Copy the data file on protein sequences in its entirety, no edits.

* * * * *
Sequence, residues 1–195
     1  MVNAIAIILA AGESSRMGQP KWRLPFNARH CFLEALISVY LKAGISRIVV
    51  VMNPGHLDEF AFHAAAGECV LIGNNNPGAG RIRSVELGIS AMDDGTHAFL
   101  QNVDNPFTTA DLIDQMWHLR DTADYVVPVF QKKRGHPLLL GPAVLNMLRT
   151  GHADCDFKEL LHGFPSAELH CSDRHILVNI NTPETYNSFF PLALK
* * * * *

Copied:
Sequence, residues 1–195
     1  MVNAIAIILA AGESSRMGQP KWRLPFNARH CFLEALISVY LKAGISRIVV
    51  VMNPGHLDEF AFHAAAGECV LIGNNNPGAG RIRSVELGIS AMDDGTHAFL
   101  QNVDNPFTTA DLIDQMWHLR DTADYVVPVF QKKRGHPLLL GPAVLNMLRT
   151  GHADCDFKEL LHGFPSAELH CSDRHILVNI NTPETYNSFF PLALK